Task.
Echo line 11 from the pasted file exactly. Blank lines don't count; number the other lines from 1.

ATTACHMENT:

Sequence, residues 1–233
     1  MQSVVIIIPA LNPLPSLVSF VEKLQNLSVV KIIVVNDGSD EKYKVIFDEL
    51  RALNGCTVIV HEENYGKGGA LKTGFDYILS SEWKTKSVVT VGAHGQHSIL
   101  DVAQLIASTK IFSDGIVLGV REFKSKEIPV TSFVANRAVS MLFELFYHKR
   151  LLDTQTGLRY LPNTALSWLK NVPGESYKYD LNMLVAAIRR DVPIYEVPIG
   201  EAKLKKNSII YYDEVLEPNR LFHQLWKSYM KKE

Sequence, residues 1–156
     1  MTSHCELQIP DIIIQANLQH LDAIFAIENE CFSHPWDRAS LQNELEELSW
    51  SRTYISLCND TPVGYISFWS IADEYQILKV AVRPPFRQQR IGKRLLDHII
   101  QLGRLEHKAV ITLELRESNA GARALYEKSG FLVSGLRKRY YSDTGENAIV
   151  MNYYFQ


   151  MNYYFQ